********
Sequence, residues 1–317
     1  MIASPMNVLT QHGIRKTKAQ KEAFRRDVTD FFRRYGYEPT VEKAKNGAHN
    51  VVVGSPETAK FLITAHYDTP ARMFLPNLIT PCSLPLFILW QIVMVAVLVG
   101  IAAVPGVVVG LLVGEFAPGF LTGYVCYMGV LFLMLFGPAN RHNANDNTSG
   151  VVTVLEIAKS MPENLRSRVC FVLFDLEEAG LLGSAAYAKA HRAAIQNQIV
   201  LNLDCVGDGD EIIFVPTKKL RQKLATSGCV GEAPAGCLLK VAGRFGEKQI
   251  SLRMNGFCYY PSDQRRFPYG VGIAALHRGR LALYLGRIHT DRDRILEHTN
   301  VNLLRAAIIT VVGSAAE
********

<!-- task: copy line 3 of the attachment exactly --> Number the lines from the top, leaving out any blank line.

    51  VVVGSPETAK FLITAHYDTP ARMFLPNLIT PCSLPLFILW QIVMVAVLVG